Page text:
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Africans kicking in Indian football

January 14, 2008 17:05 IST

The game is over. Samuel, sporting a Chelsea jersey under the faded green sports jacket, waits for his chance to have a word with the manager, hand him the file of required documents. When one of the team management asks him for the contact number, he fumbles, and produces the card of the hotel he's staying in. He has flown in from Ivory Coast, out of Africa for the first time and is not fluent in English.

Football is the first, perhaps the only, sport back home. But Samuel, and many like him, wander over to India for a shot at professional football. Some have agents, some friends, some only their feet to do the talking.

"India is a big hope for Africans," says Adeshina Sadiq, a Nigerian. He once came to India with a similar dream, played for Mumbai club Mahindra United, but the disillusionment with the Indian system and diminishing chances of going to Europe saw him quit the game and settle for a technical job in the city.

"Everyone you talk to will give you a different reason why they came to India to play football," says South African international Macdonald Mukansi, currently with one of the biggest clubs in the country-East Bengal.

"The youngsters they are more prepared to explore. A lot of them want to escape the conditions -- like poverty and unhappiness -- in Africa and play outside. I have played out of Africa since I was 21-22; I don't have happy memories of playing in South Africa.

"I'm 32. For me, football is now like employment, a career," adds Mukansi, who has played for CSKA Moscow and played football in Cyprus, Greece and Bulgaria.

Macdonald Mukansi"I go where I am wanted. In Africa, it is difficult to get into the national team if you haven't played abroad," says Sadiq.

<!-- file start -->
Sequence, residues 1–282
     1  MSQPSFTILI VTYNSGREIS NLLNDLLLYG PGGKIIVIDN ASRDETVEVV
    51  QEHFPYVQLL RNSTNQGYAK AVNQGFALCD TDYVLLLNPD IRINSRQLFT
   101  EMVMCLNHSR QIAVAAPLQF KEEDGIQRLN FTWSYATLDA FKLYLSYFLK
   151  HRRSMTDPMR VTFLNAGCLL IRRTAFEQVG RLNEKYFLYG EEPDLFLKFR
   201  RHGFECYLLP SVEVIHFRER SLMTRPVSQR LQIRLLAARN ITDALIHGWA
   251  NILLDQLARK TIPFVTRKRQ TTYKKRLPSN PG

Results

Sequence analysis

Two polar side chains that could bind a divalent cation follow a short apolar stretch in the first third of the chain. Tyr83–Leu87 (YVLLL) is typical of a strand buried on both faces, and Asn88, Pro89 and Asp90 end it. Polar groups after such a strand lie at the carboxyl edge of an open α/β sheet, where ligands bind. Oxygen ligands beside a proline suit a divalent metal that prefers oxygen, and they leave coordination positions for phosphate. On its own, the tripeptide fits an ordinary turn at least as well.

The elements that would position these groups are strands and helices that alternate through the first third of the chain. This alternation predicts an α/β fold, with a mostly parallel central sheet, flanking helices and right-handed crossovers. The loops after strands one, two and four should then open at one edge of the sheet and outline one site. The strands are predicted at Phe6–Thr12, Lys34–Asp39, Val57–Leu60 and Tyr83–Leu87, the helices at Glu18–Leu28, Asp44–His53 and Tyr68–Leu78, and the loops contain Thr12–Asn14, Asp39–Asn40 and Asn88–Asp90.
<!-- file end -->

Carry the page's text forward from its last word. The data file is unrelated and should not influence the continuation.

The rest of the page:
Chidi Edeh, another Nigerian, and one of the stars of the I-League (formerly known as the National Football League in India) vouches the importance of moving out.

"In Nigeria we play football from a very early age. I started when I was seven and we used to play while going and coming back from school. Those who are serious about their football move outside, it is more respectful when you have played in a foreign league and go back to Nigeria."

Former Mahindra United and current Mumbai FC coach David Booth, having worked in a coaching progamme in Ghana for five years, says that the attractiveness of the English Premier League and the large presence of Africans there is inspiring more and more of their players to move out.

"They will go wherever they get a chance," says the Englishman. "All the youngsters want to play outside. When they see their players do well in European teams like Chelsea it gives them an incentive to move abroad for better prospects."

At Mumbai FC, Booth has brought in players from Ghana, two of whom - Michael Osei and James Dissimariah -- have played with Michael Essien. Osei was Essien's teammate in the junior Ghana while Dissimariah played at the same club, though a few years junior to the Chelsea star, and both have seen Essien rise through the ranks.

"When we see our club-mate doing so well, it inspires us to follow his footsteps," says Dissimariah. "Everyone wants to gain experience, to be a professional player you can't stay at your club and country and expect to progress."

Though India is ranked way down in the FIFA rankings, Africans footballers are coming to the country in numbers; they see India as a springboard to their European aspirations.

"We feel it is easier to play in Europe if we play in India," says Churchill's Congolese striker Mboyo Iyomi.

"Money is not the parameter. A lot of teams in African countries like Algeria and Egypt pay more than the Indian clubs. But we are thinking two-three years down the line -- if we play in India, we might get noticed more and it could be easier to go to Europe."

Arsenal, Barcelona, Chelsea -- the ambitions are lofty, and the players are ready to do the hard yards.

But the big clubs will still be out of reach, feel the experienced players like Mukansi and Sadiq.

"India cannot be a middle step to Europe," says the South African. "It can help players get to better clubs in Asia-places like Malaysia or Singapore. To play in Europe you have to start with smaller countries like Macedonia and Belgium."

Not everyone can get the lucky break. Dudu Omagbemi spent a good deal of his prime in India before he could get a Polish team interested in him and Ranty Martins, after three years of leading the attack for Dempo, will move on to Ireland next season.